A functional coating to enhance antibacterial and bioactivity properties of titanium implants and its performance in vitro

Doymus B., Kerem G., Yazgan Karatas A., Kok F. N., Önder S.

Journal of Biomaterials Applications, vol.35, no.6, pp.655-669, 2021 (SCI-Expanded) identifier identifier identifier

  • Publication Type: Article / Article
  • Volume: 35 Issue: 6
  • Publication Date: 2021
  • Doi Number: 10.1177/0885328220977765
  • Journal Name: Journal of Biomaterials Applications
  • Journal Indexes: Science Citation Index Expanded (SCI-EXPANDED), Scopus, Academic Search Premier, Aerospace Database, Aquatic Science & Fisheries Abstracts (ASFA), Biotechnology Research Abstracts, Communication Abstracts, Compendex, EMBASE, INSPEC, MEDLINE, Metadex, Civil Engineering Abstracts
  • Page Numbers: pp.655-669
  • Keywords: Titanium, chitosan, hydroxyapatite, infection, local drug release, antimicrobial activity
  • Yıldız Technical University Affiliated: Yes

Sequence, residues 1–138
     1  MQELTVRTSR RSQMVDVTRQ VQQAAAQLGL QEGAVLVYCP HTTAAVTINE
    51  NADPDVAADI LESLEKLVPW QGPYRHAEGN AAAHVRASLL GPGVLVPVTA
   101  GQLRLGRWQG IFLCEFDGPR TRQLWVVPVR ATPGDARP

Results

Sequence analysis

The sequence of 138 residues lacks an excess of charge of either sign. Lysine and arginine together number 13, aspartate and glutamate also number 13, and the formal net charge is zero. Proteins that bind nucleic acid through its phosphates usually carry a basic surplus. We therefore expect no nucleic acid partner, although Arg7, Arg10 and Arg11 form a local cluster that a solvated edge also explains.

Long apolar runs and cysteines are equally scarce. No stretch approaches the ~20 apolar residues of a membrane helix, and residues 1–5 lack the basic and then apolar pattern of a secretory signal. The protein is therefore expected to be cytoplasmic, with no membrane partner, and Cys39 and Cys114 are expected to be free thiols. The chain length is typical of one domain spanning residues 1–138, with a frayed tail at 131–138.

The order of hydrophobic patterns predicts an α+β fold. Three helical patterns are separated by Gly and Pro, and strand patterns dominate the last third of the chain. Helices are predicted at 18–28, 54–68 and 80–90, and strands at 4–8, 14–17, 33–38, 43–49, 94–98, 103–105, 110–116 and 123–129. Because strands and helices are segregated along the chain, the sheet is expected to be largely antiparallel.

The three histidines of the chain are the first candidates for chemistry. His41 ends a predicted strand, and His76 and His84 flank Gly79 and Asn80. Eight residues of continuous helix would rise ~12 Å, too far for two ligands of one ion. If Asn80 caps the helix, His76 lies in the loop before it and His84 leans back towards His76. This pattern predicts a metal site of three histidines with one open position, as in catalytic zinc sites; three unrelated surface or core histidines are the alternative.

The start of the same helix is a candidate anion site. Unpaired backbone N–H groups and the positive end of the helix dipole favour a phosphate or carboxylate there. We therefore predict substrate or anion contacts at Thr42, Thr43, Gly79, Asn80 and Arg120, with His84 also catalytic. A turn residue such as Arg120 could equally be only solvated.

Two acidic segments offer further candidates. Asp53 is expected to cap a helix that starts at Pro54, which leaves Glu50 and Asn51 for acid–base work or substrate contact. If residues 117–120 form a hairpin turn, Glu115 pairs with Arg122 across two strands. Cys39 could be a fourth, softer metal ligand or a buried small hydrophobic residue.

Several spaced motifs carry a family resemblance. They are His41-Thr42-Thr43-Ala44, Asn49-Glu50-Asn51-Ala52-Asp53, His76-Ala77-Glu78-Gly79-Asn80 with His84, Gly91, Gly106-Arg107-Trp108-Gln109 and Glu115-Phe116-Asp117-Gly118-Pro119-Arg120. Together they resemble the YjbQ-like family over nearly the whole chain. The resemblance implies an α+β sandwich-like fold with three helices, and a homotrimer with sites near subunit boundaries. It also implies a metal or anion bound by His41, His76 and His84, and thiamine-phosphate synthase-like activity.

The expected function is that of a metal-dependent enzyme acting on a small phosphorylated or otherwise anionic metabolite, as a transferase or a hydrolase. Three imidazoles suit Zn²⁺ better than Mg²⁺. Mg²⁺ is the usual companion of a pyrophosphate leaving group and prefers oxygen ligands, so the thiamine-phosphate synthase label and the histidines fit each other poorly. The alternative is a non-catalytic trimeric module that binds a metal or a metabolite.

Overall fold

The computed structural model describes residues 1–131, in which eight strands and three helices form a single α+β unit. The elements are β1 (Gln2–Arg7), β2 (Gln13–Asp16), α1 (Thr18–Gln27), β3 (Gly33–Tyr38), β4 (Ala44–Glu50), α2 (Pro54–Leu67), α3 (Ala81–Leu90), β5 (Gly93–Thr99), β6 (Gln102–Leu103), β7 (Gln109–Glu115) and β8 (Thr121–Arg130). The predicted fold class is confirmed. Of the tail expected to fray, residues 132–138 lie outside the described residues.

© The Author(s) 2020.Bacterial infections and lack of osseointegration may negatively affect the success of titanium (Ti) implants. In the present study, a functional coating composed of chitosan (CS) microspheres and nano hydroxyapatite (nHA) was prepared to obtain antimicrobial Ti implants with enhanced bioactivity. First, the chitosan microspheres were fixed to Ti surfaces activated by alkali and heat treatment, then nHA coatings were precipitated onto these surfaces. Ciprofloxacin was loaded into the microspheres using two different procedures; encapsulation and diffusion. Scanning electron microscopy micrographs of the modified Ti surfaces showed that the coating was successfully deposited onto the Ti surfaces and stable for 30 days in PBS. The drug was completely released from free microspheres loaded by encapsulation in 21 days whereas only 89% release was observed after immobilization. The burst release also decreased from ca. 55% to ca. 35%. The release was further reduced following the nHA precipitation. The modified Ti surfaces showed antimicrobial activity based on the bacterial time-kill assay using S. aureus, but the efficiency was affected by both nHA precipitation and drug loading strategy. Highest antimicrobial activity was seen in the samples without nHA layer, and when the drug was loaded by diffusion. Fourier transform infrared spectroscopy and X-ray diffraction analyses revealed that nHA on the surface enhanced HA growth in simulated body fluid for 3 weeks, showing increased osseointegration potential. Therefore, the proposed coating may be used to prevent Ti implant failure originated from bacterial infection and/or low bioactivity.